Harbhajan Singh Played In The Same Vein, The Same Spirit, And The Same Method As We Did: Steve Waugh

Harbhajan Singh Played In The Same Vein, The Same Spirit, And The Same Method As We Did: Steve Waugh

Harbhajan Singh
Harbhajan Singh and Ricky Ponting (Photo-Cricket Australia)

Former Australian captain Steve Waugh has heaped high praise on champion Indian off-spinner Harbhajan Singh, claiming that the fact the the ‘turbanator’ played his cricket in the same vein and spirit as the Australians, is what made him such a tricky customer to handle.

Waugh also shed light on why Harbhajan was such a difficult bowler to counter, especially on Indian wickets.

Harbhajan Singh, Ricky Ponting
Harbhajan Singh and Ricky Ponting (Photo-ESPNCricinfo)

According to the legendary Australia cricketer, Harbhajan’s over-spin and the bounce that he got off the surface is what made him such a nightmare for batsmen.

“He played in the same vein, the same spirit, and the same method as we did. That’s probably why we found him a bit prickly because it was like playing against ourselves in the opposition. He played cricket the Aussie way. He was in your face, a bit of talk, aggressive, positive and he backed himself,” Steve Waugh told cricket.com.au.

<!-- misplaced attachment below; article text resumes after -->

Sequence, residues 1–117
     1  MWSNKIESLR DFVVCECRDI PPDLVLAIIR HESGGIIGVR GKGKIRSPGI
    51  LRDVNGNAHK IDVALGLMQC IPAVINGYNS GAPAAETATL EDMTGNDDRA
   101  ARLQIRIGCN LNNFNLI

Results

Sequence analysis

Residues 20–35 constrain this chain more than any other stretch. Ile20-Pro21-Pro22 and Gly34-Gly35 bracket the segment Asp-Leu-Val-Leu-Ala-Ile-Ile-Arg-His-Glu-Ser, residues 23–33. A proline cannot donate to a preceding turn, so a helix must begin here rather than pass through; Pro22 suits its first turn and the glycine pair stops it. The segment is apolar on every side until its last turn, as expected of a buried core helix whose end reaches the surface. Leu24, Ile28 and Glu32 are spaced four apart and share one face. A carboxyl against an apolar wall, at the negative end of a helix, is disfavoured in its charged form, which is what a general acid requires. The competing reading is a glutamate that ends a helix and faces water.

“He wasn’t a traditional off-spinner. He got a bit overspin and bounce. It wasn’t always the sharp turn, but the subtle variations and bounce. Got caught bat-pad pretty regularly off him,” added Steve Waugh.


“He won the series for India in 2001”- Steve Waugh on Harbhajan Singh

Harbhajan Singh,Harbhajan Singh, Steve Waugh
Harbhajan Singh. Credit: BCCI

Harbhajan Singh may have made his debut against Australia in 1998 but it was during the 2001 home rubber against the Steve Waugh-led Australians where he announced his arrival on the big stage.

Having stayed his wilderness for a better part of two years, Harbhajan made a resounding comeback in the absence of India’s lead spinner Anil Kumble as he spun the Aussies in a tizzy, claiming as many as 32 wickets- including a hattrick at the Eden Gardens- in just three Test matches- the most by a bowler in a three-Test rubber.

The level of domination of Harbhajan Singh can be gauged from the fact that the second-highest wicket-takers for India in that series were Sachin Tendulkar and Zaheer Khan, who claimed three apiece.

Steve Waugh admitted that barring Matthew Hayden, none of his batsmen were able to counter Harbhajan, hailing the off-spinner as the difference between the two sides.

“He won the series for India in 2001. 32 wickets in 3 Tests. We just couldn’t counteract his bounce. He got this amazing bounce off the length. Every spell he bowled against, he dominated us. Incredible strike rate bowled a lot of overs and was consistent. Hayden probably took him on and did well, but the rest of us really couldn’t find a way to get on top of him. Without him, we would have won the series. A very influential figure, particularly against us,” Waugh concluded.

Harbhajan Singh continued to have success against Australia throughout his career as he claimed a total of 95 wickets in 18 games at an average of 29.95 with as many as seven five-wicket hauls. He also had his fair share of controversies against the Aussies, none bigger than the ‘Monkeygate scandal’ in 2008.

Yash Mittal

Just a student of this beautiful game called cricket. Writer. Storyteller.